By Hon Sam Onuigbo
The world is in an unprecedented time as it grapples with the scourge and consequences brought upon it by COVID-19 pandemic. This pandemic has exacerbated the existing socio-economic and environmental challenges faced by the world and more importantly in developing countries.
The virus has continued to spread – and the spread has entered multiple phases across the globe as it wreaks havoc on global economies with a huge effect on African countries.
Many countries especially in Africa have embarked on economic recovery plans to recover better and create a buffer that will stimulate rapid economic growth and recovery across all sectors. I am delighted that Nigeria, through the leadership of the President has also put forward a bold economic plan for recovery in the form of the Nigerian Economic and Sustainability Plan (NESP).
Before COVID-19 shocked the world, the Nigerian government had in place, the Economic Recovery and Growth Plan (ERGP) which was targeted to run between 2017 and 2020. The plan was meant to provide a buffer to the already fragile economy and highly constrained fiscal space. The ERGP highlighted a number of initiatives and projects that were consistent with the effort to tackle climate change and other environmental issues in the country.
These include the Great Green Wall initiative to address land degradation and desertification, and support communities adapting to climate change; implement environmental initiatives, and continuation of the Ogoni Land cleanup while reducing gas flaring. It also sets a target to raise a Green Bond to finance environmental projects while establishing one forest plantation in each state. The ERGP also planned to rehabilitate all forest reserves and national parks to enhance eco-tourism as it establishes a functional database on drought and desertification while encouraging and promoting the development of green growth initiatives.
Although COVID-19 may have slowed down economic growth, it is still important that action on climate change and other environmental issues are not reversed as the country charts a course for economic recovery. The world has coined the term “build back better” as a means of making the point that governments around the world should use the opportunity of rebooting their economies from the impact of Covid-19 as a means to also take action on climate change and put their economies on the path to long term sustainability.
I am delighted that the government has demonstrated vision and leadership in this regard. It is heartwarming to see that many of the key projects in the Nigerian Economic and Sustainability Plan have the potential, if implemented in a good faith, to enhance green recovery in the country. These include the mass agricultural programme, road construction using indigenous materials, mass housing Programme, the 5million Home Solar Power, SME/MSMEs Support, Survival fund, Promoting domestic gas utilization and digital technology and social intervention programme. On the other hand, it should be stressed that climate change also has multi-dimensional security implications and that the failure to address these security issues will hinder our ability to build back better.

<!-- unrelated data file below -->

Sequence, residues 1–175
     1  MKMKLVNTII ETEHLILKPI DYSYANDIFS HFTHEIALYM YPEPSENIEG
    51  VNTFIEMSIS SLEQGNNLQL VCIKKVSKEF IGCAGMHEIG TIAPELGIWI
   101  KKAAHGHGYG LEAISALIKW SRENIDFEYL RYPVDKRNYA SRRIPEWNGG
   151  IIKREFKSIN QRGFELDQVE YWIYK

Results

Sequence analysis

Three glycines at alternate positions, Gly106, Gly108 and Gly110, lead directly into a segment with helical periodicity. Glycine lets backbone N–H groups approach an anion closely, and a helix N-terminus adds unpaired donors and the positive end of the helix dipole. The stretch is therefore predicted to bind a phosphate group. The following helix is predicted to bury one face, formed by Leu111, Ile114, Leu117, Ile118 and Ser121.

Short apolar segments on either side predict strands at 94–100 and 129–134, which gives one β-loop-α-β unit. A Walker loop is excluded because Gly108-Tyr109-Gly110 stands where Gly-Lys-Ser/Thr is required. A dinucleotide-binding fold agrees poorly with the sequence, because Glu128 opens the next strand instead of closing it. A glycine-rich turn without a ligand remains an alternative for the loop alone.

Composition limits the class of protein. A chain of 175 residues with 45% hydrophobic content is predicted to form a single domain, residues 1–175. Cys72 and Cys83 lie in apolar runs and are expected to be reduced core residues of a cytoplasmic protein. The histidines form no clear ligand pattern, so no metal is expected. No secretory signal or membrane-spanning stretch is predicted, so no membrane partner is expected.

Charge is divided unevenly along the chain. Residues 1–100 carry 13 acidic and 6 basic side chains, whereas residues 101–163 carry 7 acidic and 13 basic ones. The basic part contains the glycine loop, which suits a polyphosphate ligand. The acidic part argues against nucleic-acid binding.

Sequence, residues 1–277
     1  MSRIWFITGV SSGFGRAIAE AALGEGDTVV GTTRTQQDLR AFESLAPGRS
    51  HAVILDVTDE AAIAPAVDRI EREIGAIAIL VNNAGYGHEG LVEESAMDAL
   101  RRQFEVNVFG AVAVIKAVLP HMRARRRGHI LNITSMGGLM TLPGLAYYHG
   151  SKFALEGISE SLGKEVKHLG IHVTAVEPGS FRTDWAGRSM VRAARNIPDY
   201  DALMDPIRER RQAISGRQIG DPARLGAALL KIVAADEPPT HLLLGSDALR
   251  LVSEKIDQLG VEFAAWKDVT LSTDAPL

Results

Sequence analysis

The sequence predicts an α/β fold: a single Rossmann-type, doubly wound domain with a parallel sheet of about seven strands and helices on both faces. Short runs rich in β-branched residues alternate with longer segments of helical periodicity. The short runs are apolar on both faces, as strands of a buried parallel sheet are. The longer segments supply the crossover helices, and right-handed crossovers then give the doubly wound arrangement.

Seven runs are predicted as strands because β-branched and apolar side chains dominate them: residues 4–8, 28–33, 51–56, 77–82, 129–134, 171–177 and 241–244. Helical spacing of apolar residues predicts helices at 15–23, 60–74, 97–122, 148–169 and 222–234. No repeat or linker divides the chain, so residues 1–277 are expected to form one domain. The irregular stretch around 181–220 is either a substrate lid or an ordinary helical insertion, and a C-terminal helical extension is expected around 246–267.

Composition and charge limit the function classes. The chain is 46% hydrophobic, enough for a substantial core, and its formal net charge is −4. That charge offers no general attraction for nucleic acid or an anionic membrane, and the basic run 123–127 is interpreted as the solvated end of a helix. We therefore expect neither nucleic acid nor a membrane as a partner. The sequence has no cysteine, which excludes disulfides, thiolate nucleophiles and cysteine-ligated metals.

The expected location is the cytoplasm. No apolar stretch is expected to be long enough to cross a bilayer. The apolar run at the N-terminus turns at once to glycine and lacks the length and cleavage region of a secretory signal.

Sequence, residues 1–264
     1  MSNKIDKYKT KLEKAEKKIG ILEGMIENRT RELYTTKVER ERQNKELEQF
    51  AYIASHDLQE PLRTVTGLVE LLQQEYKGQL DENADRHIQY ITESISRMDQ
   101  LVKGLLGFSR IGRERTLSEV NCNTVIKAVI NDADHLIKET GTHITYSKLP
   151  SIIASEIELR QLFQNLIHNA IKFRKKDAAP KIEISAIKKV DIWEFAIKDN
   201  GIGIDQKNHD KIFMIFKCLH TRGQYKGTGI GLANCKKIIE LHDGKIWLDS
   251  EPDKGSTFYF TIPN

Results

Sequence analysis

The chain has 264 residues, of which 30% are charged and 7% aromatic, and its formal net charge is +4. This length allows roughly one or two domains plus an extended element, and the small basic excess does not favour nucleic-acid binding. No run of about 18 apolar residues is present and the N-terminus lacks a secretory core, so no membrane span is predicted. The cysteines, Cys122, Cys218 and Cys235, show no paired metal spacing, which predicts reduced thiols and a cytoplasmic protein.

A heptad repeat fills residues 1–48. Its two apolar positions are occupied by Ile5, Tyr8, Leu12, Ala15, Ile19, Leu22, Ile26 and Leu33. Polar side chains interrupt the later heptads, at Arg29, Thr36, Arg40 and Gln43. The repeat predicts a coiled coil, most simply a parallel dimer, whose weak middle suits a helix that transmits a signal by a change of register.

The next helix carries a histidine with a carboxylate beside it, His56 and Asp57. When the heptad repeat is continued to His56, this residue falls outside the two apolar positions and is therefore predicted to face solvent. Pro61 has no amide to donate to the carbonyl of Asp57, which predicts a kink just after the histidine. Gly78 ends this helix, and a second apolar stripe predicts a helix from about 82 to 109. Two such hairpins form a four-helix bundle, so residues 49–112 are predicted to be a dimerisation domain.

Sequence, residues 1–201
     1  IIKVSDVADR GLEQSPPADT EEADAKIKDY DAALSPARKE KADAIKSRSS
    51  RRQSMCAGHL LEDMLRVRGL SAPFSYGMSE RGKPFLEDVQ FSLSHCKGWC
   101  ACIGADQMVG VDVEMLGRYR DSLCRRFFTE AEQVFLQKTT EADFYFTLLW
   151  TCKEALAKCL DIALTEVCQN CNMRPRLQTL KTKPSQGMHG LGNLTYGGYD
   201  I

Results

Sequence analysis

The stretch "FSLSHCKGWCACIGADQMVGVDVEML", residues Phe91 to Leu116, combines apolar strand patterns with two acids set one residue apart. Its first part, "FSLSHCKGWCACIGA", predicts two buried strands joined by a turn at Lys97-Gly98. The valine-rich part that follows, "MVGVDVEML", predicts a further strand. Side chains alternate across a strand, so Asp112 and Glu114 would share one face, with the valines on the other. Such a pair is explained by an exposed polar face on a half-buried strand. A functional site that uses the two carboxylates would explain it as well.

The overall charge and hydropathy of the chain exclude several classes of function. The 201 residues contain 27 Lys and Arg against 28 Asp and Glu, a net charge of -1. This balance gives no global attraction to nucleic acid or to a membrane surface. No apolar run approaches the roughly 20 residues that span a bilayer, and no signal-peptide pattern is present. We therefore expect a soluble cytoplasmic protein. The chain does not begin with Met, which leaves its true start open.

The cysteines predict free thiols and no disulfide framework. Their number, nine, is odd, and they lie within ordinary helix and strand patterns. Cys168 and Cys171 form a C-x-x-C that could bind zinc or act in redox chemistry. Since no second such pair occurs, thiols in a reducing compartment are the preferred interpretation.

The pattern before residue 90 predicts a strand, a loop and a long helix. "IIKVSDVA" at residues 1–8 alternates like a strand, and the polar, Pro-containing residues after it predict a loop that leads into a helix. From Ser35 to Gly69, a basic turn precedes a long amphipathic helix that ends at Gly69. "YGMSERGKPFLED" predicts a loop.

The Nigerian government is also working very hard to revise and enhance its national climate change pledge through the Nationally Determined Contributions (NDC). Through an ambitious NDC, the government will continue to demonstrate leadership in determination to tackle climate change which, like the Covid-19 can be a major constraint to economic growth. Connecting the NDC with the National Economic and Sustainability Plan will help to maximize the synergies and ensure that our recovery plan also helps us to meet our Paris Climate Accord Obligations.
I am delighted that in the recently Launched “2021 Macroeconomic Outlook Report” by the Nigeria Economic Summit Group (NESG) – a non-profit, non-partisan private-sector-led think tank with a mandate to promote and champion the reform of the Nigerian economy into an open, globally competitive economy, it has been identified that renewable energy sector is one of the key sectors that can act as enablers for the intended recovery. Other sectors include manufacturing, construction, trade, education, health, and professional services with ICT.
The Leadership of the (Federal) House of Representatives has also shown dynamism and commitment to work with the Executive branch of the government to promote legislation and policies that will facilitate the recovery along the lines that are just, equitable and sustainable in the long run. It is very important therefore that our international development partners recognize the commitment of the government, enormous work before us, and make available substantial resources that can help developing countries to scale up their effort to put climate change at the center of green recovery. It should be remembered that while Africa is one of the vulnerable continents to climate change it has contributed the least to the problem. It is therefore in the interest of equity and global solidarity that the industrialized countries do their bit to help us respond and adapt to the impact of climate change.
Rep Sam Onuigbo, a former Chairman, House Committee on Climate Change is the Vice President (Africa) GLOBE International and also Chairman, Climate Parliament Nigeria Chapter.